From time to time, a healthy democracy will debate the role and responsibility of government. We are currently living in one of those times. The argument today is around the validity of government support for public programs like the arts.
Congress' recent decision to enact a modest increase for the National Endowment for the Arts (NEA) for the remainder of fiscal year 2017 was met generally with support. However, the White House has recommended eliminating federal cultural agencies in FY2018 and Congress must now determine whether it will continue to fund the NEA.
Lawmakers across the political spectrum recognize that the arts are good for America. Leaders across the country have quoted the economic and educational benefits of the arts and regularly cite the arts’ health benefits in aging military populations. Policymakers have shared compelling examples of how the arts made their hometown shine, brought hope to troubled youth, and healed the wounds of a community in crisis.
There is no question as to the public value of the arts and, to be clear, the ongoing debate is not whether the arts have a public benefit, but whether the responsibility to fund the arts should lie with the federal government or private philanthropies. Abundant research points to a clear answer: the private sector alone cannot fund the arts.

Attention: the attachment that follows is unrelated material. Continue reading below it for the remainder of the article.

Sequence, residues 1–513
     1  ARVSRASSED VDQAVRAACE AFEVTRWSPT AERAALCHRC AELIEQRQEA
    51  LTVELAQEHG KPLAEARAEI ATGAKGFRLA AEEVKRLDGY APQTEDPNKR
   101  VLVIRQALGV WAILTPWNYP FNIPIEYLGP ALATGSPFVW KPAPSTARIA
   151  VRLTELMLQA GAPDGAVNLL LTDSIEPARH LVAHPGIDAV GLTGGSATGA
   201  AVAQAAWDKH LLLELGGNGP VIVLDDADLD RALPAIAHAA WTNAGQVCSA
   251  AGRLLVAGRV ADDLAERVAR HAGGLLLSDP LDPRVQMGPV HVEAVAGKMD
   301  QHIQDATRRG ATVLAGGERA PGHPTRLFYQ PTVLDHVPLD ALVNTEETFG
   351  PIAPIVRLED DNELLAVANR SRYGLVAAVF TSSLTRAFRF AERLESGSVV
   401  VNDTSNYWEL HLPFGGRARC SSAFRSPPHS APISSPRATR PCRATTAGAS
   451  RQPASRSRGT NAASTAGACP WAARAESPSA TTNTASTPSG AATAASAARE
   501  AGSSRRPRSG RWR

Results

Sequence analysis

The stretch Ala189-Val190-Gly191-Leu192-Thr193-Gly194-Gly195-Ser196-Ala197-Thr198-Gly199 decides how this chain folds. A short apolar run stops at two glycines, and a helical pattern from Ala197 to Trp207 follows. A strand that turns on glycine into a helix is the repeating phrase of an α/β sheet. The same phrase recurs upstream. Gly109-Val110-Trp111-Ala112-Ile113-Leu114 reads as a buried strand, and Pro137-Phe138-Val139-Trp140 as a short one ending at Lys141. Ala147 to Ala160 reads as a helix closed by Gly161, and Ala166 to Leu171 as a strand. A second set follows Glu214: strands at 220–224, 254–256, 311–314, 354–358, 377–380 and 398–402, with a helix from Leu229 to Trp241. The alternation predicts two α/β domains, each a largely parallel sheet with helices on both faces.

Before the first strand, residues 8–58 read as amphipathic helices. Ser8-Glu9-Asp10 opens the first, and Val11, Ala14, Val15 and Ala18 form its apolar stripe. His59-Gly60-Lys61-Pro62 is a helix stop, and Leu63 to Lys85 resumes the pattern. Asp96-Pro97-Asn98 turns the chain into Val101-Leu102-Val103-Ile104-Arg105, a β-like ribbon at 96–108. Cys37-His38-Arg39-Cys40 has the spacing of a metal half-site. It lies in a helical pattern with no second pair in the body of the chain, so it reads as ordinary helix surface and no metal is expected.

Public and private funders have significantly different mandates, and a solely philanthropic arts support model would leave many American communities behind.
- Foundation giving in America is not universally accessible: 42 percent of all foundation assets are held in just four states – California, New York, Illinois and Texas – that also account for 42 percent of foundation giving.[i] The number and investment power of foundations in the other 46 states are much smaller, despite their population base of 223 million people.[ii] Funding from the NEA and state arts agencies reaches every state and US congressional district.[iii]
- Private funding shows gaps in rural support. Fourteen percent of the US population resides in rural areas, yet a US Department of Agriculture analysis found that only 5.5 percent of large foundations' domestic grant dollars go to rural areas.[iv] In comparison, 14 percent of both NEA and state arts agency grant dollars were awarded to rural communities.[v]
- Private grant making does not always reach underserved groups. Between 2003 and 2013—when the assets of US foundations grew by $321 billion—just one in ten of America's largest 1,000 foundations awarded more than half their grant dollars to underserved communities.[vi] In contrast, 54 percent of state arts agency grants are awarded to low-income areas and 40 percent of NEA-supported activities take place in high-poverty neighborhoods.[vii]